Let’s say you are interested in buying XYZ stock because you like what the company does and how they do it. That’s fine. But how do you know if the stock is a good investment or not?
There are of course many ways to evaluate a stock and no one method is necessarily better than the other. What follows are a few tools you can use to look under the hood of a security before you pull the trigger. This way you’ll have a good reason to make your investment and you might even increase the odds of things working out well.
Is the company in trouble or not?
Some investors like to buy stocks in companies that are in financial trouble. This is known as value investing and people who like this approach do so because they believe they can pick up lots of value for pennies on the dollar.
I am not a particular fan of this method but it might work for you. The best way to find out what is really going on with the company is to read the annual report and shareholder letters. Look for companies that spell out exactly what is going on, what the problem is and what they are doing about it. If you think they have a good shot at turning the situation around, you may have a winner on your hands.
Online broker TradeKing provides easy access to company stats like profit margins, earnings data, sales, return on equity, earnings forecasts and much more. This tool could make your search for value plays much easier.
Price to Earnings Ratio or P/E
Another rule of thumb to look at is price to earnings ratio or P/E. It is the per share price compared to the per share earnings. Historically the S&P 500’s average P/E has been around 15.5. This isn’t a hard and fast rule but anything above that might be a little pricey while anything below that might be value. Currently the S&P 500’s average P/E is about 19.55.
P/E isn’t the end all be all of stock picking, but you can use it as a general rule of stocks to continue looking at or stocks to be very skeptical of. A great example of this are two tech companies: Apple and Facebook.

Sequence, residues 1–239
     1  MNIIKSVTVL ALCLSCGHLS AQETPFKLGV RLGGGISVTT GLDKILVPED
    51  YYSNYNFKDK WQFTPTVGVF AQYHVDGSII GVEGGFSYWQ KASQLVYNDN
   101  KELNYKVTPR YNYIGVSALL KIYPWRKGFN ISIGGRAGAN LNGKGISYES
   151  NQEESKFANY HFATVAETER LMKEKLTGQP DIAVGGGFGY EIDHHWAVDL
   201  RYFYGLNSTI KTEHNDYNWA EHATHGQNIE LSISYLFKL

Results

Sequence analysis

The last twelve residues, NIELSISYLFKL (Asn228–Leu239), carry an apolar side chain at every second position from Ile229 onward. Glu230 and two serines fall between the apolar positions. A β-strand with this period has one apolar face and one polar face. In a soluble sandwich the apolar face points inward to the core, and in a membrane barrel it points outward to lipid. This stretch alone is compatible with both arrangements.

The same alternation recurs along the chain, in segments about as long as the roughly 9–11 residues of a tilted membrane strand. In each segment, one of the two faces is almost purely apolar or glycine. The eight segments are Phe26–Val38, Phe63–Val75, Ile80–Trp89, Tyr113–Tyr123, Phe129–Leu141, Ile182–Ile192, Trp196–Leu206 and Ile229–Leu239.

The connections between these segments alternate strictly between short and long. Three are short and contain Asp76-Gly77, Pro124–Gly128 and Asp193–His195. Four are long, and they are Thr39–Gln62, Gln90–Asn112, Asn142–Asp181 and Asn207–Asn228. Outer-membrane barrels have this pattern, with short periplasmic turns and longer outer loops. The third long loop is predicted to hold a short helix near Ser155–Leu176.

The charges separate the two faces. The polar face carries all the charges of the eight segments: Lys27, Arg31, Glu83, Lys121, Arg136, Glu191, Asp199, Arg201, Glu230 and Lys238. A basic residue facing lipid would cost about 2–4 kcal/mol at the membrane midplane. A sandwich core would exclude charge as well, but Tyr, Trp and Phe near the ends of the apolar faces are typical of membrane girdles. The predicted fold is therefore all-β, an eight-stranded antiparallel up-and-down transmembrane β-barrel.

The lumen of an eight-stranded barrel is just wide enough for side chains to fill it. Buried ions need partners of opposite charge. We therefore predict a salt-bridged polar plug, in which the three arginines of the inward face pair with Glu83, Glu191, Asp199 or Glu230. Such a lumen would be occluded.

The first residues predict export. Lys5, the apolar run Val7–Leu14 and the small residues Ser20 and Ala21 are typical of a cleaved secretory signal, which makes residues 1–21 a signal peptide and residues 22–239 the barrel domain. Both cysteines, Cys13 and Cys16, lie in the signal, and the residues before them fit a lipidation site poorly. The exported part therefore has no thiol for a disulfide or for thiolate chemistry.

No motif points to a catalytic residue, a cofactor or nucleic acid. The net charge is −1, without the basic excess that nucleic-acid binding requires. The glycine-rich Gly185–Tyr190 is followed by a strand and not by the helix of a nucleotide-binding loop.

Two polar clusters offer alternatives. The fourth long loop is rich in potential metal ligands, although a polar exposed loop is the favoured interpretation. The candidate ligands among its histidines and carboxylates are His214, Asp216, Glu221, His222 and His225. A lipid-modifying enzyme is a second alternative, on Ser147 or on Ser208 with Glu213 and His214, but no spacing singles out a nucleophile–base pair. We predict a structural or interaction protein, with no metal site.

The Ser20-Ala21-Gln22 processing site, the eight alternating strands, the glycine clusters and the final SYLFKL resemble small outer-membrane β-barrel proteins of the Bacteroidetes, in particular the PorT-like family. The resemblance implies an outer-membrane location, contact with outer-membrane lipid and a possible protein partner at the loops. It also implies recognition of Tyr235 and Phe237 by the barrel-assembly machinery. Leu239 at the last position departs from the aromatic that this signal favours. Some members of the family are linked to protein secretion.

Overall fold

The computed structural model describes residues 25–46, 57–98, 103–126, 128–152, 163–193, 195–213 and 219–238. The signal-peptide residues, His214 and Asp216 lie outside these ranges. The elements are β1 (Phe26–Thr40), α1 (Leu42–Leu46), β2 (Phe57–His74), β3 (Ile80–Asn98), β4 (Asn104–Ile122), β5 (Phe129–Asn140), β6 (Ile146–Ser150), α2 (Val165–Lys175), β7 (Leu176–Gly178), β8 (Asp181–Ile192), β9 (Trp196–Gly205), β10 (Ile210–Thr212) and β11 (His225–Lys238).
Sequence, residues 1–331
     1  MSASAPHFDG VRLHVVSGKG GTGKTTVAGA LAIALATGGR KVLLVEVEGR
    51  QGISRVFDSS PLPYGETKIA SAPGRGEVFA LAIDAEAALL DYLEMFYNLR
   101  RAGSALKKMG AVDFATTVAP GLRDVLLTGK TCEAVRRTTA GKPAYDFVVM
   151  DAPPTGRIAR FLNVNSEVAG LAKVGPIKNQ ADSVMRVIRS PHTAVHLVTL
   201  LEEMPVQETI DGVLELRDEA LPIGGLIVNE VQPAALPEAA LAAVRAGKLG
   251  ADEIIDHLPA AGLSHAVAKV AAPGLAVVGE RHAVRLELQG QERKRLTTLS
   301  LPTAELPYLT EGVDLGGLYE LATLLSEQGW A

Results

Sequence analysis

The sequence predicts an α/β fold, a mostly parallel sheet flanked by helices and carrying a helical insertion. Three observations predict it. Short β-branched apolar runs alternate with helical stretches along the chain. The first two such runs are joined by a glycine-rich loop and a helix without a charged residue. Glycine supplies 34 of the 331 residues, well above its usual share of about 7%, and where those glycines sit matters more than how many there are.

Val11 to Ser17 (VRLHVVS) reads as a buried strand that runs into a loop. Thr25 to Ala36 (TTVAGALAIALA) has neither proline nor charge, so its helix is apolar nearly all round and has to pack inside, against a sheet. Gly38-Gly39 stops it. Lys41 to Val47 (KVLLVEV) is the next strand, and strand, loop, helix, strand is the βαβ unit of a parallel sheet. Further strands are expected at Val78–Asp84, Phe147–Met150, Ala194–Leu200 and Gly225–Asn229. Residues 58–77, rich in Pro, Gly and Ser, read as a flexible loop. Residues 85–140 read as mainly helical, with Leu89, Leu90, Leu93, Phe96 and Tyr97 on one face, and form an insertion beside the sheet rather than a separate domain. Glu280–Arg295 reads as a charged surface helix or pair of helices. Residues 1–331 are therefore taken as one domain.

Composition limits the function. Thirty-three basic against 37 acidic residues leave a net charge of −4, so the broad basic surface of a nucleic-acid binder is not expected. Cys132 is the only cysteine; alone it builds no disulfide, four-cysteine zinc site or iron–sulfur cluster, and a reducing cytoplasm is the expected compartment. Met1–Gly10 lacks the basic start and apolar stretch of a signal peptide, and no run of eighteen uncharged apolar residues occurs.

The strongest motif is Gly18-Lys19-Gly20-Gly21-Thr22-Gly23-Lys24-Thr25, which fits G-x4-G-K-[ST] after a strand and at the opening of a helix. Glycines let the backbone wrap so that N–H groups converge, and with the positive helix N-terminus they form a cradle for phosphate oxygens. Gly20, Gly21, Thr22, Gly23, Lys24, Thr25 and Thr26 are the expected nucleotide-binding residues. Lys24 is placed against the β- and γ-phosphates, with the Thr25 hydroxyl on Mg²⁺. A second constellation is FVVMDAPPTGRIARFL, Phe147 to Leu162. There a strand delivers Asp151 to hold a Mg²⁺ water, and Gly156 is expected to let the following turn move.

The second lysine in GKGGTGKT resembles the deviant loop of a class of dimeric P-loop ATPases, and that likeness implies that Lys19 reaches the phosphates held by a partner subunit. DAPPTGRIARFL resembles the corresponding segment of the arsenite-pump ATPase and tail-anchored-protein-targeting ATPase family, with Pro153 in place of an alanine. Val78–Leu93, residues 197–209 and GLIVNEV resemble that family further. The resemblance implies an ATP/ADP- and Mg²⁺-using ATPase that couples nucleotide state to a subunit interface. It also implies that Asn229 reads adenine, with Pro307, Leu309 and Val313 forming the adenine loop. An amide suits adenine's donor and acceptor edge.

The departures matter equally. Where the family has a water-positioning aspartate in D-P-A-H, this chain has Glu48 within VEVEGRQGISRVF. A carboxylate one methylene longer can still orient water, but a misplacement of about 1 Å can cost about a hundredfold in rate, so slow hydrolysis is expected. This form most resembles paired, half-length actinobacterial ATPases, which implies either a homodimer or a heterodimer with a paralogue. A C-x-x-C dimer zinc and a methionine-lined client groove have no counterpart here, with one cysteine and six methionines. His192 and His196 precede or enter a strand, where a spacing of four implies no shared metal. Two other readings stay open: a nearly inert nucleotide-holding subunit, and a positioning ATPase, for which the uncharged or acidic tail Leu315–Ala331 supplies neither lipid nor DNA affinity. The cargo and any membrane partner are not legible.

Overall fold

Apple’s P/E is currently 16.97. The company has a massive pile of cash and is trading at a moderate P/E. I’m not saying I would invest in Apple immediately, but I would continue my research.
Facebook is a different story. Facebook’s P/E is currently 69.83. That means it’s about 4 times as expensive as Apple. Clearly Facebook is more speculative.
Let’s say you are keen on a XYZ because it’s climbed 15% over the last 12 months. That is a tidy return indeed, but is it spectacular? You don’t know unless you compare it to something. Personally I recommend that you compare any stock you are thinking of buying to the S&P 500 index. This is an easy way to know if your stock candidate is really something special or not. You can easily chart and compare stocks against the indexes by using any number of financial websites including Yahoo!
Investing Rules of Thumb
Again, these rules of thumb are just that. They don’t indicate terrible or great purchase options, but can be used as a guide to take a massive number of stock choices and whittle them down to a manageable group. You should do full research including reading annual reports before deciding to invest in individual stocks. Additionally, once you purchase shares in a company you need to pay attention to what is going on with them in the news. You can’t just set it and forget it when it comes to individual stock purchases which is why many people decide to not purchase individual stocks.
Do you buy individual stocks? How do you do your stock research?